COP26: Climate Change Summit - Week 1 Recap - FTEX

November 5, 2021

COP26: Climate Change Summit – Week 1 Recap

Bélal Provencher

Despite the close of the first week, world leaders are expected to come up with action plans at the COP26 summit. We have compiled a list of summit events and climate change commitments thus far:

India makes major commitments on climate change

After the United States and China, India is the third largest emitter of carbon dioxide. According to a UN report published in 2019, its population will overtake China’s by the year 2050, adding nearly 273 million people. Although India produces some of the cheapest solar energy in the world, it generates 70% of its electricity from coal.

The Indian government has committed to net zero greenhouse gas emissions by 2070, an objective questioned by some delegates. Prime Minister Narenda Modi also made a major commitment to generating 500GW of non-fossil fuel energy by 2030. In addition, he pledged to reduce the carbon intensity of the economy by 45% by 2030.

COP26 - Week one recap

Leaders pledge to stop deforestation

COP26 leaders made an important commitment on Tuesday to end deforestation by 2030. The UK government reports that the pledge is backed by almost $ 20 billion of public and private funding, and is endorsed by more than 100 leaders representing over 85% of the world’s forests, including the Amazon rainforest, Canada’s northern boreal forest, and the Congo Basin rainforest.

With today’s unprecedented pledges, we will have a chance to end humanity’s long history as nature’s conqueror, and instead become its custodian”, said Prime Minister Boris Johnson. In a statement, Greenpeace condemned the Glasgow initiative for effectively approving “another decade of deforestation.”

Signing the pledge were some of the worst offenders of deforestation, Brazil and Russia. Among the other signatories were France, Australia, China, and the United States. Brazil’s government, long criticized for its environmental policies, announced yesterday that it would cut its greenhouse gas emissions in half by 2030 – a significant increase from its previous pledge of 43%.

Leading by their absenteeism affects proceedings

There are some notable absentees at the COP26 proceedings, including leaders of key environmentally-damaging countries. President Xi Jinping of China, Brazil’s Jair Bolsonaro, and Russia’s Vladimir Putin have not attended the summit, despite their critical role in the dialogue on protecting the planet.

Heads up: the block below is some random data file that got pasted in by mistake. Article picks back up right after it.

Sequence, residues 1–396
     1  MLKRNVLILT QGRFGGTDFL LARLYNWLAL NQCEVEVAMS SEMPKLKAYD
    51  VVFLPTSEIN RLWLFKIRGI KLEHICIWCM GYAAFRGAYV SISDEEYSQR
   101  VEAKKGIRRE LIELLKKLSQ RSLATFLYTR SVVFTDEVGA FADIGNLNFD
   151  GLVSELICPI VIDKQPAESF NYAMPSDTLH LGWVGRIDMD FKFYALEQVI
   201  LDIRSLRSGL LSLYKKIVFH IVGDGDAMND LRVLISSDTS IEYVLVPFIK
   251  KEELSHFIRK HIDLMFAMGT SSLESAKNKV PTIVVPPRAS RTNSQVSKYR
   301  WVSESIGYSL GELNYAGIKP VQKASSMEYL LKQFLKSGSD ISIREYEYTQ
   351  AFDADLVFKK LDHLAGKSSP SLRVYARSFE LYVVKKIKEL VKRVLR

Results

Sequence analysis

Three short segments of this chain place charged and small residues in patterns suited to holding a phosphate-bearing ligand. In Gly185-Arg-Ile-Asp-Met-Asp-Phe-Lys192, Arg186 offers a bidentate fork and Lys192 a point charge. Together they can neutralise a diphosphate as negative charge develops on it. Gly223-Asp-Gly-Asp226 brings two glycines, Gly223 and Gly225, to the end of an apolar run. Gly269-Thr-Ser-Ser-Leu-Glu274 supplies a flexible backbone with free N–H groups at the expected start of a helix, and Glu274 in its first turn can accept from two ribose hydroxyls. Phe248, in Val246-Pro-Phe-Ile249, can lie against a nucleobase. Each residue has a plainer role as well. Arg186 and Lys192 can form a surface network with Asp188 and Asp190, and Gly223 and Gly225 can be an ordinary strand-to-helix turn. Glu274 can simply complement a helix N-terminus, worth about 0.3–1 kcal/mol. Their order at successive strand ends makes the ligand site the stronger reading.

During the summit’s first few days, President Jinping issued a written statement that showed no clear commitment to reducing emissions. As part of the response to climate change, China’s President has  called for developed countries to “provide support to help developing countries do better” on dealing with the climate crisis. In addition to his comments on COP26, Jair Bolsonaro also described Brazil as a “green powerhouse”. Bolsonaro said that the Brazilian government has always been part of the solution, not the problem, in combating climate change. In contrast, Amazon activists cautioned delegates at COP26 not to be fooled by Bolsonaro’s government’s greenwashing promises.

FTEX - Coal Impact on The Environment

Over 40 countries are moving away from coal

Among those making this pledge are major coal-producing countries such as Vietnam, Poland and Chile, while some coal-dependent nations like Australia, India, China and the United States did not sign on. The Times notes that China’s share of global carbon emissions has risen to a record high, accounting for almost a third of all emissions because of its increasing coal consumption.

According to the Global Carbon Budget, if China does not cut its coal use, emissions may reach new records next year. “Glaring gaps” in the commitment such as the absence of China and more specific promises by coal-emitters to cut domestic production were pointed out by Shadow Minister Ed Miliband.

Is it still possible that we will finally see the world’s true leaders present and commit to an action plan that will substantially preserve our Human legacy, or will we push the deadline further and risk everything?

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